Prince Ranariddh Returns to Register Party

Deposed first prime minister Prince Norodom Ranariddh re­turned to Phnom Penh apparently for good Monday, vowing to enter his party for elections be­fore the registration deadline.

“I’m here to check on progress for the elections,” the prince told reporters as he greeted Funcin­pec officials who came to Poch­en­tong Airport to welcome him back from Bangkok. “I have to go and register of course.”

The registration deadline for political parties wishing to compete in the polls is Thursday.

The eligibility of the prince’s party, Funcinpec, is still uncertain, due to the presence in the northwest of resistance troops fighting in the prince’s name.

Government officials have as­serted this could rule out Fun­cinpec under an electoral law forbidding parties to control private armies or autonomous zones.

Despite this controversy, the prince said he wanted to cooperate with the government in order to lay the groundwork for the forthcoming elections.

“It is the responsibility of the two main political parties,” the prince said.

But he reiterated his re­fu­sal to drop the title of first prime minister—an action Second Prime Minister Hun Sen has insisted on if the two rivals are to meet.

“I have the mandate from the people of Cambodia. Only the people of Cambodia can take it back from me,” he said. “I hope that His Excellency Samdech Hun Sen changes his mind.”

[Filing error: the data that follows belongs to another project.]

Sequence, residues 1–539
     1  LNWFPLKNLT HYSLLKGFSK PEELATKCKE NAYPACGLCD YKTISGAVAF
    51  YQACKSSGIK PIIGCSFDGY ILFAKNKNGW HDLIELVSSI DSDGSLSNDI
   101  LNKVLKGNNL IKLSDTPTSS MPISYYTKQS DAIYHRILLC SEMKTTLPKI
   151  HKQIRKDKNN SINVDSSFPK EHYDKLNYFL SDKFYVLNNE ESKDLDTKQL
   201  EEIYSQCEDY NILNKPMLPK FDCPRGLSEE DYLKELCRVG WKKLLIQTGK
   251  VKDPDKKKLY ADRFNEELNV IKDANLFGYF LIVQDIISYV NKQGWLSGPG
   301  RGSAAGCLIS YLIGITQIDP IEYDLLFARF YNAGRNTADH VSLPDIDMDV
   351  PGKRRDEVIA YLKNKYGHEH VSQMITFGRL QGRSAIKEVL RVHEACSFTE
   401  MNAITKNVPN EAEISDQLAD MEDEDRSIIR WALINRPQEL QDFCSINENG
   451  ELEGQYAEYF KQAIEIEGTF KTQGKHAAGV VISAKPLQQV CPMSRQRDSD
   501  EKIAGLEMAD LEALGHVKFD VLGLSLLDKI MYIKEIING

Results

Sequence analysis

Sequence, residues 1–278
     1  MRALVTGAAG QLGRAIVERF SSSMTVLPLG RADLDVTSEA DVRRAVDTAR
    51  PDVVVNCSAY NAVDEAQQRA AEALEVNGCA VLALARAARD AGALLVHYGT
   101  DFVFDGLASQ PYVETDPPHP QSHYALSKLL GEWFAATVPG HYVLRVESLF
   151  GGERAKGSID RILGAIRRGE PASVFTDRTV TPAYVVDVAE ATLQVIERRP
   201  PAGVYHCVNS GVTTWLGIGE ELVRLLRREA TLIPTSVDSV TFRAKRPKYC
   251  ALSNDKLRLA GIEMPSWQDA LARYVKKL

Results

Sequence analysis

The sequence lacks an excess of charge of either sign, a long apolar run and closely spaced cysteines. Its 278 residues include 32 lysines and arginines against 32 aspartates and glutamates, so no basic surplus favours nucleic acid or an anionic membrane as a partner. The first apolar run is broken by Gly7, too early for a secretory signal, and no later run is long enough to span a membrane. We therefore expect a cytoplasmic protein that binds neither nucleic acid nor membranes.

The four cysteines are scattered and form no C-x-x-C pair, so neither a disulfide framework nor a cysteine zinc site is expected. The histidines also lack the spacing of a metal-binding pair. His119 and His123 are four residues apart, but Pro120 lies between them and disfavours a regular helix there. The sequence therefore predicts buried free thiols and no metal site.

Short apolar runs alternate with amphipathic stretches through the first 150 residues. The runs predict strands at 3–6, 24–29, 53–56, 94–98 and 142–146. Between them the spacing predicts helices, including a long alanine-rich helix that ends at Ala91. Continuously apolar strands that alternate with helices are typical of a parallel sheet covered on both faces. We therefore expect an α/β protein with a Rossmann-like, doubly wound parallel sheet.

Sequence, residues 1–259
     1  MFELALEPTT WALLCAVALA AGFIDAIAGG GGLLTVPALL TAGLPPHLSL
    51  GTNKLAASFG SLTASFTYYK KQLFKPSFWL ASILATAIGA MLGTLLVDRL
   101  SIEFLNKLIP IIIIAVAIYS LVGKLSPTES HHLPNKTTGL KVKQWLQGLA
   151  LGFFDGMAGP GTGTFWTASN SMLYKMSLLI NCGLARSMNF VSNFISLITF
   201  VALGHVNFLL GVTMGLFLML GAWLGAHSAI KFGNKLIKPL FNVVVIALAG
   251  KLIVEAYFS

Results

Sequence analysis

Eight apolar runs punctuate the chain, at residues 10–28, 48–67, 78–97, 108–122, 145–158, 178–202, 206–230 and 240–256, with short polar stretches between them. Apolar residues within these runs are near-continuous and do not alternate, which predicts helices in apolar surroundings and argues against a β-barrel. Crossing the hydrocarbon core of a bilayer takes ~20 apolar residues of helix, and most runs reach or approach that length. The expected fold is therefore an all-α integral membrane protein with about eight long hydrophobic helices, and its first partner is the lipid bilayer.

Senior Hun Sen aide Prak Sok­honn, however, on Monday dismissed the suggestion that his boss might change his stance and meet the prince. “If the prince still considers himself first prime minister, there will be three prime ministers and that is the problem,” Prak Sok­honn said.

The prince, who visited Cam­bodia twice last month to lay the groundwork for a permanent re­turn, took up residence Mon­day in a house close to the US Em­bassy, according to his aides.

Lu Laysreng, the prince’s personal representative, said Mon­day the location of the residence, close to the embassy of one of the prince’s most powerful international advocates, was not linked to any security fears recently ex­pressed by Funcinpec officials.

But an aide to the prince told Agence France-Presse on Mon­day that the prince’s movements  would be “severely restricted” until international election ob­servers, organized by the UN, were in place in every province and rural center.

“We need the international ob­servers—as many as possible—in the villages to protect the prince,” the aide said. “There are still not enough security arrangements being made.”

The prince’s first official en­gagement is today, when he meets with 360 party representatives from all over the country attending a four-day training session on election observation, said sen­ior aide May Sam Oeun.


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